Leafless Design and Branding
Branding Art Direction Web Design UI/UX Design Front-end Development
A couple years ago I had the opportunity to cofound a startup, Leafless.co. Leafless is a self-publishing site aimed at cutting through the noise of the eBook world, striving to make it easier for authors to share and profit from their own work. I met my cofounder, Richard, at a startup event and ended up joining forces with him as his "Designer CoFounder." (It's a thing. Look it up) This gave me a unique opportunity to build a brand and experience in it's entirety, from the ground up. We raised some seed funding (just $300K or so) around the beginning of 2013 at which time I chose to leave my position at Archer>Malmo to work full time on Leafless. I took the role of Chief Creative Lead in the company, managing all things design. I made sure our brand was consistent, I worked with our developer on all the UI and UX work on the site, designed external and internal communications, and more.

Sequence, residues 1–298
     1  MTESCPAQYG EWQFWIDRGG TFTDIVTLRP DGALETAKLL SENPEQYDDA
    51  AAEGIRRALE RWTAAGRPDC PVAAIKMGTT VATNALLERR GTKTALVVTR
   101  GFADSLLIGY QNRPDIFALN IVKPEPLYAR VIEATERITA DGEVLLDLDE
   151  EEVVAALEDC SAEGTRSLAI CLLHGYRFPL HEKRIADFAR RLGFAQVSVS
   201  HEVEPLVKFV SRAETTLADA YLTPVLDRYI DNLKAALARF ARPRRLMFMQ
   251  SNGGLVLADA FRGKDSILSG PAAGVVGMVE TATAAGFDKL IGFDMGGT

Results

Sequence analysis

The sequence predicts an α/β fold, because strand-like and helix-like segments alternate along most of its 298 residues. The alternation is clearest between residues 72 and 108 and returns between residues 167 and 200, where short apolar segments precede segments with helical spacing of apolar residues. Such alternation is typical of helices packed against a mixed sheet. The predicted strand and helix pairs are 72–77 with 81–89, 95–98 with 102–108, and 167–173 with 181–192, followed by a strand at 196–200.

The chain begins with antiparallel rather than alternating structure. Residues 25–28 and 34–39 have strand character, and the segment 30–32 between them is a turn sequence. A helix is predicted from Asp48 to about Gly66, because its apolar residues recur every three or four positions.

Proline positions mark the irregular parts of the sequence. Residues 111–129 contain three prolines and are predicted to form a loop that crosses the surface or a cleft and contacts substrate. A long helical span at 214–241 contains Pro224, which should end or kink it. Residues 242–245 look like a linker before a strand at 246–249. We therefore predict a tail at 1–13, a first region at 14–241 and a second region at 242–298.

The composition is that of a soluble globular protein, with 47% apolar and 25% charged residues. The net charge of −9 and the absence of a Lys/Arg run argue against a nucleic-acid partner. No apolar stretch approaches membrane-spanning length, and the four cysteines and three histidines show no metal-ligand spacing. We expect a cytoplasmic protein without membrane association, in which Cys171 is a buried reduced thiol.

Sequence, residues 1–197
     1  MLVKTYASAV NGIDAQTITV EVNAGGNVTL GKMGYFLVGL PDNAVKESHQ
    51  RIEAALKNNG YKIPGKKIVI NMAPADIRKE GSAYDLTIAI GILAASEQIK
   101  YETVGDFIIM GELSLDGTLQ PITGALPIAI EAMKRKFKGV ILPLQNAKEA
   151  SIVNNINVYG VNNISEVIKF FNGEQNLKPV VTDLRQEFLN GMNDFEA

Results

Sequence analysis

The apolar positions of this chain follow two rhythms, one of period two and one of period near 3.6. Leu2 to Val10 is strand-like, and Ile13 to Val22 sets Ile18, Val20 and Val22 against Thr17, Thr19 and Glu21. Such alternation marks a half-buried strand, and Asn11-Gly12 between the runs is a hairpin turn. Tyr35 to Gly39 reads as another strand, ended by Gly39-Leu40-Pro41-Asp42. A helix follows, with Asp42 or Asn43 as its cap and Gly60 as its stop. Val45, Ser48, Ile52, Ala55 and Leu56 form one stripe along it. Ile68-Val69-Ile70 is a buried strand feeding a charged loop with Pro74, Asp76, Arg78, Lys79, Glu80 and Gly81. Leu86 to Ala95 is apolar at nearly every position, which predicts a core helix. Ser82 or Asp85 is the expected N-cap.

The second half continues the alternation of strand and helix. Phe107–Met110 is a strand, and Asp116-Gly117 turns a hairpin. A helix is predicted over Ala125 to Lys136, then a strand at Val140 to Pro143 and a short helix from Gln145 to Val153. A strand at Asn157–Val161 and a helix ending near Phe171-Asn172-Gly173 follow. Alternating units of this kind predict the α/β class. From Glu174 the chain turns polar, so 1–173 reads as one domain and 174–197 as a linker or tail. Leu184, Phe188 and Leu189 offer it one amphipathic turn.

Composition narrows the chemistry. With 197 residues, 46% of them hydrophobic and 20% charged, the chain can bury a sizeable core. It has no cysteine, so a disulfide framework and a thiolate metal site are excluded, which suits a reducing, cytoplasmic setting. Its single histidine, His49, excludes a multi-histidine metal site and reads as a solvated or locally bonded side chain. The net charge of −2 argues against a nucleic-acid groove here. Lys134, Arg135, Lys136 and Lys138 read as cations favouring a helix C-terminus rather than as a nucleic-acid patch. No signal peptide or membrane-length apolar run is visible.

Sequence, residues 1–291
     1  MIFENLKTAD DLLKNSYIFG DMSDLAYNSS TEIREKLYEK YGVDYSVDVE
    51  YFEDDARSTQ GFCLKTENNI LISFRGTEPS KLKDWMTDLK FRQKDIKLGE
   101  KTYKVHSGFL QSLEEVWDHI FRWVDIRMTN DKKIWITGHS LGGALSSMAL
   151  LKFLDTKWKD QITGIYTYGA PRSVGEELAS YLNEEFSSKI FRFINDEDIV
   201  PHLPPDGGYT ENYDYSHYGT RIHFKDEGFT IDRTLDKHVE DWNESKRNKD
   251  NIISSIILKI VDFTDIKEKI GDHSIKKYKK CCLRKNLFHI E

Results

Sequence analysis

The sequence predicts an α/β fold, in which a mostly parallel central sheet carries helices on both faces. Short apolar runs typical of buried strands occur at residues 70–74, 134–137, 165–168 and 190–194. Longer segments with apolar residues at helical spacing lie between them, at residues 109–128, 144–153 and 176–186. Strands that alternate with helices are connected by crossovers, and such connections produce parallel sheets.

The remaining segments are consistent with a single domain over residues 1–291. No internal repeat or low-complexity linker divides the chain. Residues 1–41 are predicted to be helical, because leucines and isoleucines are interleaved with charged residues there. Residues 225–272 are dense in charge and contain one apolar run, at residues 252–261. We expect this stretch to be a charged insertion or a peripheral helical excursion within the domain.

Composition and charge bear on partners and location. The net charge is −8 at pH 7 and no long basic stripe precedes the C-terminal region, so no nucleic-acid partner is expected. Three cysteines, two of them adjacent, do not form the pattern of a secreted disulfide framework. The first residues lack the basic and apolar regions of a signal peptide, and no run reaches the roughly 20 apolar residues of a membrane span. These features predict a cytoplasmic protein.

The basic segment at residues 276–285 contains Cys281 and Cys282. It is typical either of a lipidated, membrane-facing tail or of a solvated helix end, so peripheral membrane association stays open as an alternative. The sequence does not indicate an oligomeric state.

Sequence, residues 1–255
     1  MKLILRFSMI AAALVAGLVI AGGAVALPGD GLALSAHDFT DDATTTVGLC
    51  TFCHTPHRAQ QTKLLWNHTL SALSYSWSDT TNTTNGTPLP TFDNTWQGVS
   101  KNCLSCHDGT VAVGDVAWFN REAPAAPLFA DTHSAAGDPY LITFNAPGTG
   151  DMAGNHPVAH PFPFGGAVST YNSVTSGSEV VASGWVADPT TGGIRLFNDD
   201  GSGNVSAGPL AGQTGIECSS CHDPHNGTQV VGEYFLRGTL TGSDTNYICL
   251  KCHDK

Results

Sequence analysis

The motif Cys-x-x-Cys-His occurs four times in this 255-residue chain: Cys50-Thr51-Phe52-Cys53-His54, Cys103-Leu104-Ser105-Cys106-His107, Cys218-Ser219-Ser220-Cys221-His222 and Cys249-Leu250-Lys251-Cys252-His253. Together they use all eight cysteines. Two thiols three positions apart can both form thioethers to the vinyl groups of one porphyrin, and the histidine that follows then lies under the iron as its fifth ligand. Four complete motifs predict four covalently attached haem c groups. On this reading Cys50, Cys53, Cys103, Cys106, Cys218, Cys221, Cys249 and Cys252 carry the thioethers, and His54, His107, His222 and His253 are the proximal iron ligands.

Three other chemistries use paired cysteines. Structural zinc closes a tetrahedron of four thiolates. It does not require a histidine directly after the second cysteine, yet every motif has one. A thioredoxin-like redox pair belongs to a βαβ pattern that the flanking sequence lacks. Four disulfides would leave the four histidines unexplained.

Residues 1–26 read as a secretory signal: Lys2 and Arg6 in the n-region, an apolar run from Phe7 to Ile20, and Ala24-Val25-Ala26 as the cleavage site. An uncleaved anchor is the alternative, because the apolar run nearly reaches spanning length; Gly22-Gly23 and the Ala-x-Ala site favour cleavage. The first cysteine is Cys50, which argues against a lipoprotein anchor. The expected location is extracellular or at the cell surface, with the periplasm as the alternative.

We initially launched under the name of Screwpulp - a joining of the names for the "Screwpress" and "pulp" or "paper." It was a very edgy name. We were in fact building a very edgy product so the brand and all it's language carried that tone. Everything was stark black and white, very strong, and had this rebellious overtone. We were bucking the traditional publishing model, so it fit. It was well recieved. People loved the name and brand. Well, most did...
About a year later, things weren't moving ahead as strong as we liked. Through some customer research we realized that there were enough people who were put off by our name to illicit a name change. Spending more time testing ideas and getting customer feedback we ended up with a new name and a slightly less edgy brand, Leafless. The name seem to fit perfectly - what do you call a book with no pages? Leafless. We got tons of positive feedback after the changes. This was huge, because big name changes can potentially have a negative impact on a brand, but everything went smoothly. We got lost of great compliments from our customers. Even managed to get some positive press out of it.